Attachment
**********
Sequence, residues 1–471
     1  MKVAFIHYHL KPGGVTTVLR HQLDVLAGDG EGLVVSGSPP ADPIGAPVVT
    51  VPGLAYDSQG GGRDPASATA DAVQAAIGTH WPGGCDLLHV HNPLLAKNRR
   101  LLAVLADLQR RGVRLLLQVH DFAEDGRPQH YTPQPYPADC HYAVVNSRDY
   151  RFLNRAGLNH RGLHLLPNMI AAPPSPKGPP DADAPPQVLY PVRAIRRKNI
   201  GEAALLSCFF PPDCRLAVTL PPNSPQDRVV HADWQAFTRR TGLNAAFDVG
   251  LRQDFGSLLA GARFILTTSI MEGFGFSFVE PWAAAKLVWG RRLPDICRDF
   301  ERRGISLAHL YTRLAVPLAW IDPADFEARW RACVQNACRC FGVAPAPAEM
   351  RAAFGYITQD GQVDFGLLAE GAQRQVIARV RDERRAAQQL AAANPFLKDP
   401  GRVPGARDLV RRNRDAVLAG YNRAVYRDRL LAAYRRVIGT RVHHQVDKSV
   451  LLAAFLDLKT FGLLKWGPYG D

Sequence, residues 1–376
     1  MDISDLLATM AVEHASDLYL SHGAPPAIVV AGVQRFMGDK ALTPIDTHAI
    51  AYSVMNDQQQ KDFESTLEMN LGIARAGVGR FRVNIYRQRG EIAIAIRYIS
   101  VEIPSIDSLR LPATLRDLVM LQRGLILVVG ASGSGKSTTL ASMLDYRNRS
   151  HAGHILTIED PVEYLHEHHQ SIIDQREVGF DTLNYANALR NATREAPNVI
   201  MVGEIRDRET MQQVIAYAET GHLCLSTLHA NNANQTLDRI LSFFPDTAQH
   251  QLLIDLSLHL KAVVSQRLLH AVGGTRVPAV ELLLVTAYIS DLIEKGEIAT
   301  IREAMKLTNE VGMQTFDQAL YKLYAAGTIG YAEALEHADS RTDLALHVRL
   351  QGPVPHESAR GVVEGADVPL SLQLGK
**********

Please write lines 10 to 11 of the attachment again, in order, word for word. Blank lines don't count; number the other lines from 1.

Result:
   401  GRVPGARDLV RRNRDAVLAG YNRAVYRDRL LAAYRRVIGT RVHHQVDKSV
   451  LLAAFLDLKT FGLLKWGPYG D